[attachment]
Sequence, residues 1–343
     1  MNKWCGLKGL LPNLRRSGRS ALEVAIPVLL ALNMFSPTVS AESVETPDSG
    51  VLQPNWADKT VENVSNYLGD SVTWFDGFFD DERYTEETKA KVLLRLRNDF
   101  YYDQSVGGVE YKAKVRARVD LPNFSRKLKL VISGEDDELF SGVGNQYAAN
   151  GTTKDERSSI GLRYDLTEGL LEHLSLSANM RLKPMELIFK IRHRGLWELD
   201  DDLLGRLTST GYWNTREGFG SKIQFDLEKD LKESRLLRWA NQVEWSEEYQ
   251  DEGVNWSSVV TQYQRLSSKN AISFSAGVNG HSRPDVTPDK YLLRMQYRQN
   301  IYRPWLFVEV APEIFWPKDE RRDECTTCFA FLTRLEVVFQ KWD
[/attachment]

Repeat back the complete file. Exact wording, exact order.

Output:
Sequence, residues 1–343
     1  MNKWCGLKGL LPNLRRSGRS ALEVAIPVLL ALNMFSPTVS AESVETPDSG
    51  VLQPNWADKT VENVSNYLGD SVTWFDGFFD DERYTEETKA KVLLRLRNDF
   101  YYDQSVGGVE YKAKVRARVD LPNFSRKLKL VISGEDDELF SGVGNQYAAN
   151  GTTKDERSSI GLRYDLTEGL LEHLSLSANM RLKPMELIFK IRHRGLWELD
   201  DDLLGRLTST GYWNTREGFG SKIQFDLEKD LKESRLLRWA NQVEWSEEYQ
   251  DEGVNWSSVV TQYQRLSSKN AISFSAGVNG HSRPDVTPDK YLLRMQYRQN
   301  IYRPWLFVEV APEIFWPKDE RRDECTTCFA FLTRLEVVFQ KWD